# Quick Tip: Display unit price (price per…) in the Prestashop product list

Adding unit prices (also known as “price per…”) to your Prestashop store’s product list is not as easy as it might seem. Prestashop doesn’t assign the unit price in the list; luckily, there is an easy enough workaround

**Version used:**Prestashop 1.5.2**Running time:**5 mins

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First of all, if you don’t know exactly what unit prices are, think of a product as a flour sack, a huge one, 5 lbs. Now, the cost is displaying for the whole sack, but in Prestashop you can setup how much that thing costs *per* any measurement you choose (see picture below). In this case, you can display, for example **$2 per lb**

You might want to show this off in the product list, not only in the product page itself. The fact is, however, that Prestashop doesn’t actually assign the **unit price** variable in the product list page. How to deal with it? Let’s have a look: if you print out the product variable in the product list, you’ll notice an interesting property: **$product.unit_price_ratio**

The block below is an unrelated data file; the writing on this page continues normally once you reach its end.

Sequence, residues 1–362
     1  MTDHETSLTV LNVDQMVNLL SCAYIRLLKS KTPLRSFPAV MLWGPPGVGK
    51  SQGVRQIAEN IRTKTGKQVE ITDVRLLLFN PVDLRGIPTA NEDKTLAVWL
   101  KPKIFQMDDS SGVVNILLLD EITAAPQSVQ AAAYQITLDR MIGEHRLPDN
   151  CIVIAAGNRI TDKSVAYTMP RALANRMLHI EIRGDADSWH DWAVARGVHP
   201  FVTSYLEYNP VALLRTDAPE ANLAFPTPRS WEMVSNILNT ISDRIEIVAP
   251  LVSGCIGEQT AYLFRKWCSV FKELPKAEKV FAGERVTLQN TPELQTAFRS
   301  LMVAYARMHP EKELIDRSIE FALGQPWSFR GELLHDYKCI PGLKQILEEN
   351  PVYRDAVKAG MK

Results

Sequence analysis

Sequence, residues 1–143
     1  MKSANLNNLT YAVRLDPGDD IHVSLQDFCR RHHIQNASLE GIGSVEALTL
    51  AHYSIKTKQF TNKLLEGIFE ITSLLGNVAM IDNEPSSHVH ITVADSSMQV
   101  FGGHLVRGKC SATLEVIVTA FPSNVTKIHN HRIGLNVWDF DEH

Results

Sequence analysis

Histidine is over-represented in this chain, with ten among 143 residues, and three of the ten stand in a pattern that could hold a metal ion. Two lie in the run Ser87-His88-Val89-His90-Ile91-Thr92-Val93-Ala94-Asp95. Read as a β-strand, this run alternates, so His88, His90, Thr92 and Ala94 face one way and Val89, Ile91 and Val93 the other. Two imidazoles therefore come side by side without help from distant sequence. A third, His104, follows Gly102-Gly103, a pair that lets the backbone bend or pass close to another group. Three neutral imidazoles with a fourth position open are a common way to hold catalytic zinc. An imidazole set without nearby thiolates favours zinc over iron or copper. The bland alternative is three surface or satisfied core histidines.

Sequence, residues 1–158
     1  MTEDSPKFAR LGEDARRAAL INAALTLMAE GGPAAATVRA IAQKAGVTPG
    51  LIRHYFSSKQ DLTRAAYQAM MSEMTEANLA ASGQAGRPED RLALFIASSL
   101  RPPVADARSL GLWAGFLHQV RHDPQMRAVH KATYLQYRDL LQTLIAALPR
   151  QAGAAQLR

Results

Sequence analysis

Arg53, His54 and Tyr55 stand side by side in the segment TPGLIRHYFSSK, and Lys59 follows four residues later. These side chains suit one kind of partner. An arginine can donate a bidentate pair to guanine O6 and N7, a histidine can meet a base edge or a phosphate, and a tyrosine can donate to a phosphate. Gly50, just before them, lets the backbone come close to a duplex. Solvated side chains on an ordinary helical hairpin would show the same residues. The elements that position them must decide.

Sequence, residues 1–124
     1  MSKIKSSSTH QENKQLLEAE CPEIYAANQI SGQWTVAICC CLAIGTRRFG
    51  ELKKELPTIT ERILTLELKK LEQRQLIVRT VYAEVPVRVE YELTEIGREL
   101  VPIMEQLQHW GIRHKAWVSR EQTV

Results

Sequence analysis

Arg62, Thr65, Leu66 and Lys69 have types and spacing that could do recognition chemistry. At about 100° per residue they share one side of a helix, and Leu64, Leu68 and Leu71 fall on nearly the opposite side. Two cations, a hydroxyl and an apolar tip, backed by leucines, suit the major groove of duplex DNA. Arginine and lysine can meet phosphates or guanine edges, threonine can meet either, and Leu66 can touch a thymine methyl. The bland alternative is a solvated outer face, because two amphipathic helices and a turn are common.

What is this? Basically, it gives you the unit price ratio based on the product’s total price (product price divided by unit price). That’s useful for us, since we can do some math and retrieve the value we need!

Inside the **“foreach from=$products” loop, in the product-list.tpl** file, add the following line. You can add it where you want, just be sure it’s inside the loop, before the unit price you want to print out

{if $product.unit_price_ratio} {math equation="b/a" a=$product.unit_price_ratio b=$product.price_without_reduction assign=realunit} {/if}

**Explanation:** First, we check that there actually is a unit price setup for this product, to prevent “division by zero” ltype errors. Then, we are dividing the product’s final price (without reduction to be more accurate) by the ratio, thus obtaining the real unit price value. If you want the taxless one, use $product.price_tax_exc as parameter b instead.

Let’s print out the final ratio, correctly formatted:

{convertPrice price=$realunit} {l s="per"} {$product.unity}

We are basically formatting the variable so to get the price with currency, adding the “per” string, and, finally, the measurement. That’s it, here is the final code:

{if $product.unit_price_ratio} {math equation="b/a" a=$product.unit_price_ratio b=$product.price_without_reduction assign=realunit} {convertPrice price=$realunit} {l s="per"} {$product.unity} {/if}

Of course, in order for this to show up, **it has to be placed inside the main <li> element, if your list, like in the default theme, is an unordered list**.